In this letter from Dr. Swartz, he discusses his career pathway. Providers at Tri-County Health Care are encouraged to share their thoughts and feelings on topical news and happening around the health system.
Reflecting on a special visit
We had the pleasure of hosting several student interns at Tri-County Health Care throughout July. It’s always encouraging to meet young people interested in a profession that puts empathy first. We even had the chance to introduce these students to some of the things we do to prepare for surgery. Their enthusiasm for our work was very refreshing.
I believe experiences like this go beyond just being a fun excursion. They shape a person and guide them to their true calling. I’ve been thinking about my work and contemplating on why I became a surgeon. I’ve always been a very detail-orientated person that isn’t afraid to investigate the fine details of a problem. However, it does take more than an analytical brain to be a successful surgeon. As I stated earlier, empathy must come first. To be an effective surgeon, you have to treat everyone on your operating table as if they were family. Their life is in your hands, and they trust you. If any of the students that pass through our department go on to become surgeons, please don’t abuse that trust.
Their life is in your hands
Travis Swartz, DO
When a person heads to surgery, they are likely experiencing a hurricane of emotions. Also, people forget the human element of this work and look at everything as a procedure. Remember the person behind the procedure, their fears, and their loved ones. Being a surgeon is more than just stainless steel and scalpels.
I would like to thank all of the students that made their way through Tri-County Health Care. I hope shadowing our staff gave you some direction in your future endeavors.
All the best,
Travis Swartz, DO
Tri-County Health Care
Tri-County Health Care would like to offer thanks for this wonderful letter from Dr. Swartz. We hope his insight may guide young people in their future endeavors. Tri-County Health Care routinely welcomes student interns to tour our respective facilities while gaining valuable insight from our collection of medical, clerical, business, and marketing professionals. In conclusion, if you are interested in interning or shadowing at Tri-County Health Care, please check our careers page.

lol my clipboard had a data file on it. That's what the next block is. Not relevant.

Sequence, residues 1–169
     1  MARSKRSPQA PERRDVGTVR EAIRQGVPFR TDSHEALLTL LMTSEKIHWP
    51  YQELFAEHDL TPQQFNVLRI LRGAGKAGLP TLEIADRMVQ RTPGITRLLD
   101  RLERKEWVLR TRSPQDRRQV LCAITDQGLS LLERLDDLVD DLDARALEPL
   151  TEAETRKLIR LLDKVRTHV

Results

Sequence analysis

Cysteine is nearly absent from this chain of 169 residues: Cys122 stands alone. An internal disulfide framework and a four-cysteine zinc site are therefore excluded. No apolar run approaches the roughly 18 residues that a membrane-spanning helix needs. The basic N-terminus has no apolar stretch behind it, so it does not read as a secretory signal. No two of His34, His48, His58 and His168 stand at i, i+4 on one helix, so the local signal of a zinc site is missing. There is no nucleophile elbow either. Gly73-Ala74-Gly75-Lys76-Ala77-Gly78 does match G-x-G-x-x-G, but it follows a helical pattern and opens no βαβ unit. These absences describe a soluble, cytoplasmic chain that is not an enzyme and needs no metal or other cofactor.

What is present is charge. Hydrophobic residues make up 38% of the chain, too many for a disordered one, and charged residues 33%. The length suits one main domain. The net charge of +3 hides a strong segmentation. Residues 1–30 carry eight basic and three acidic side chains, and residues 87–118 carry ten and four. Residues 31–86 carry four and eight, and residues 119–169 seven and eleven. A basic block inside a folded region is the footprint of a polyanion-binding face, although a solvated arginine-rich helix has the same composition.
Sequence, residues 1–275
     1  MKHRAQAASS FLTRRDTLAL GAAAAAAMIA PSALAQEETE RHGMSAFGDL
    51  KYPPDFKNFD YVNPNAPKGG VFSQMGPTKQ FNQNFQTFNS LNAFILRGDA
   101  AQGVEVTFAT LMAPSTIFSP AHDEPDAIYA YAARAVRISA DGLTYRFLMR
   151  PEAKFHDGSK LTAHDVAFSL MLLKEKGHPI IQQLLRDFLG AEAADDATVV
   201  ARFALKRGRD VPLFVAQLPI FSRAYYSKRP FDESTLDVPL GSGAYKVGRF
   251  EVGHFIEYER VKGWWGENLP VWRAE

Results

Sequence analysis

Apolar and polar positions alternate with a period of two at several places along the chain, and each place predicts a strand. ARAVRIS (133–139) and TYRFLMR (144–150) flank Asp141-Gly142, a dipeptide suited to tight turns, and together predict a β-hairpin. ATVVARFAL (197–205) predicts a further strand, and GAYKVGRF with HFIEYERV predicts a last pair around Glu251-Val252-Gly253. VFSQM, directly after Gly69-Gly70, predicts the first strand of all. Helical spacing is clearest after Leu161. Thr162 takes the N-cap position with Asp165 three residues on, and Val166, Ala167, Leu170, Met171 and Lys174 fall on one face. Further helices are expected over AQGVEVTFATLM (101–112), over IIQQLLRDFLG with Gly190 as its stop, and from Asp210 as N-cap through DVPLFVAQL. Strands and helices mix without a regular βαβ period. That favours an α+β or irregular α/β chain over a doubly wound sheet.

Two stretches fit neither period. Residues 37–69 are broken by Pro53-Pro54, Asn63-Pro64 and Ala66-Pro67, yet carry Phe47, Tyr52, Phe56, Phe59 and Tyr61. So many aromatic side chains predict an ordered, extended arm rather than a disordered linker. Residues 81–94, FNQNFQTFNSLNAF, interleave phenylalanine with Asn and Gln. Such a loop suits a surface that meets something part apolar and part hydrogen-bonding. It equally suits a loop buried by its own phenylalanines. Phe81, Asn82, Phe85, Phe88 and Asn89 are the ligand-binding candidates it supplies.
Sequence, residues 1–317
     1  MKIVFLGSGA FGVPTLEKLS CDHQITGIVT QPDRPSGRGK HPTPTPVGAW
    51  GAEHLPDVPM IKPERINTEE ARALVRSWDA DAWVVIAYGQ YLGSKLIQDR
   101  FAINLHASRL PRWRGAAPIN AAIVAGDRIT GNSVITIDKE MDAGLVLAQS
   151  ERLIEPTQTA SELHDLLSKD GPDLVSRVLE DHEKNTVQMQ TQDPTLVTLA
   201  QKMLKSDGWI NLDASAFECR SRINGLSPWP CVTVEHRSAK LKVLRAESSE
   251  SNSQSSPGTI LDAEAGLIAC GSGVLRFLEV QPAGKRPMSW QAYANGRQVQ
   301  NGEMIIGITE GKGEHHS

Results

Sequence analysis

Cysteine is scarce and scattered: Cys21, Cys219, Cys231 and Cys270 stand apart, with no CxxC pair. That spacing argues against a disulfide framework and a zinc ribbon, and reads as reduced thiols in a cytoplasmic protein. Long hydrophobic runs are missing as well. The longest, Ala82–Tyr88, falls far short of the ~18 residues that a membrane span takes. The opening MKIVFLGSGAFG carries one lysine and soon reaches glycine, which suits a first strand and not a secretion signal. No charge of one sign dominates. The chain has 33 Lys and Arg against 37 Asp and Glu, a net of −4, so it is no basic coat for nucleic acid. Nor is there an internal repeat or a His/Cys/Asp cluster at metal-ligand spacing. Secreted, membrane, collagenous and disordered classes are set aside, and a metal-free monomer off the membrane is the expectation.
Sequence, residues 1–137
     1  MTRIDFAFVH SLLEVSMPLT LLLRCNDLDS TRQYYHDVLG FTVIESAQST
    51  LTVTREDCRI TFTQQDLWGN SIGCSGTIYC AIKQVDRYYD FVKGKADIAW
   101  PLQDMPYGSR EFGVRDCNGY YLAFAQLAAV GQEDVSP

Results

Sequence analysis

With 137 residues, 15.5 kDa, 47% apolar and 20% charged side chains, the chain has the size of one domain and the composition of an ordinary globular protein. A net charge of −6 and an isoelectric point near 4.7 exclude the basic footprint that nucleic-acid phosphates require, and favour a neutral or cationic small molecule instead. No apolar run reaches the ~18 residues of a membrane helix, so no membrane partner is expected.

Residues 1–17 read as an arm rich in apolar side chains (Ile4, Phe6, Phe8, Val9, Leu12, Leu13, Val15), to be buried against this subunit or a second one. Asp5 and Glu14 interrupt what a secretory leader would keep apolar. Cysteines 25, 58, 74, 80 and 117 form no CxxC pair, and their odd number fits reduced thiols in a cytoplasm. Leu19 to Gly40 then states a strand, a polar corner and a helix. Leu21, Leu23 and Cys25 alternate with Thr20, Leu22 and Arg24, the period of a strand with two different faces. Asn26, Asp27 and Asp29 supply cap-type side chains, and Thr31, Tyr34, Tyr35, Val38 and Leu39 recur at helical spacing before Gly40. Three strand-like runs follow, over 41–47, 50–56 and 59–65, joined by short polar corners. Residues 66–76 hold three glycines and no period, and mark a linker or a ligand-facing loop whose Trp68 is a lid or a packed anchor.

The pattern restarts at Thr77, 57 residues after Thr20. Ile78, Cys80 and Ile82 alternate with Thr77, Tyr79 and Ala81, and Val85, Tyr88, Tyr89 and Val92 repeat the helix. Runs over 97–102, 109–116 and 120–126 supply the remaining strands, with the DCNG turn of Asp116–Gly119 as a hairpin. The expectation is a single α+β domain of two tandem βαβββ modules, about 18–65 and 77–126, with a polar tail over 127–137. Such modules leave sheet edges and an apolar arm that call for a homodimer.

Every year thousands of people are diagnosed with colorectal cancer. Our medical staff and surgeons have some of the most incredible tools that exist. However, no amount of tools will ever replace the early detection of cancer. Being able to catch cancer before it spreads opens up so many options. The problem is, early detection requires an active approach. They have to want to beat cancer before it starts. This kind of preemptive thinking is hard for some people. We get so busy with our lives, the last thing we want to think about is cancer. That needs to change. We need to change our perception of the procedure, so embarrassment and colonoscopies don’t go hand and hand.
According to the American Cancer Society, colorectal cancer is the third most diagnosed form of cancer in the United States. This is a troubling statistic because it shouldn’t be so prevalent. We understand this disease and have ways to deal with it, but we still need to participate. When a person gets to 45, a colonoscopy should be an expected procedure. It should provoke little to no anxiety. It’s just another check-up with a bit more homework.
We’ve seen it all
I observe a lot of disgust for the procedure. I know the preparation for a colonoscopy is unpleasant, usually resulting in many trips to the bathroom, but it isn’t as bad as you think. What really concerns me is how embarrassed some people are about safeguarding their own health. Embarrassment and colonoscopies seem to be fused, especially in our community. In a hospital, medical staff is trained to confidentially treat a massive range of patients from every walk of life. I guarantee you, the surgeon performing your colonoscopy has seen it all. There is no need to be afraid or embarrassed.
Take a minute to watch this informative video. This video explains the procedure and its benefits.
If you find yourself avoiding a colonoscopy out of fear or embarrassment, ask yourself, is cancer embarrassing? Sometimes we have to do things that make us uncomfortable and a colonoscopy is definitely on that list but so is cancer. I want people to make the right choice! Be an active participant in your health. If you’re staring down 45, don’t wait for your doctor to bring it up; just ask about getting a colonoscopy. For more information about colon cancer screening at Tri-County Health Care, click here. Call 218-631-3510 to schedule an appointment!
Dr. Swartz has a long history of helping people overcome health challenges. His passion for people is evident in and out of the operating room. When he isn’t with patients, Dr. Swartz enjoys spending time with family or fitting in a remodeling project.